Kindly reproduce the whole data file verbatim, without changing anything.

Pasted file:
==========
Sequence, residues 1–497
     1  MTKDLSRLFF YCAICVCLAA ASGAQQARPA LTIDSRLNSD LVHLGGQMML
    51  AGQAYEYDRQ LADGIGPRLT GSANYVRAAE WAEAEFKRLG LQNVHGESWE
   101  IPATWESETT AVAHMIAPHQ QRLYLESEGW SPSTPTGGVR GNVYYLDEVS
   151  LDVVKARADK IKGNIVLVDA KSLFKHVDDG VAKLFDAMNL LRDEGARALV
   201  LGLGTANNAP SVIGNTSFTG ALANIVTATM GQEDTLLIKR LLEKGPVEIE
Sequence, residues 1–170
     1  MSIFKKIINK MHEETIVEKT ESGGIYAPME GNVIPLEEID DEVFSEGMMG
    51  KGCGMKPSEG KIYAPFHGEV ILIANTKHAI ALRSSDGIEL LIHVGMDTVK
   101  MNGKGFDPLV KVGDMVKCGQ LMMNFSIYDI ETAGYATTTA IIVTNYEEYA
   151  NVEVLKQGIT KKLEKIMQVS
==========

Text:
Sequence, residues 1–497
     1  MTKDLSRLFF YCAICVCLAA ASGAQQARPA LTIDSRLNSD LVHLGGQMML
    51  AGQAYEYDRQ LADGIGPRLT GSANYVRAAE WAEAEFKRLG LQNVHGESWE
   101  IPATWESETT AVAHMIAPHQ QRLYLESEGW SPSTPTGGVR GNVYYLDEVS
   151  LDVVKARADK IKGNIVLVDA KSLFKHVDDG VAKLFDAMNL LRDEGARALV
   201  LGLGTANNAP SVIGNTSFTG ALANIVTATM GQEDTLLIKR LLEKGPVEIE
Sequence, residues 1–170
     1  MSIFKKIINK MHEETIVEKT ESGGIYAPME GNVIPLEEID DEVFSEGMMG
    51  KGCGMKPSEG KIYAPFHGEV ILIANTKHAI ALRSSDGIEL LIHVGMDTVK
   101  MNGKGFDPLV KVGDMVKCGQ LMMNFSIYDI ETAGYATTTA IIVTNYEEYA
   151  NVEVLKQGIT KKLEKIMQVS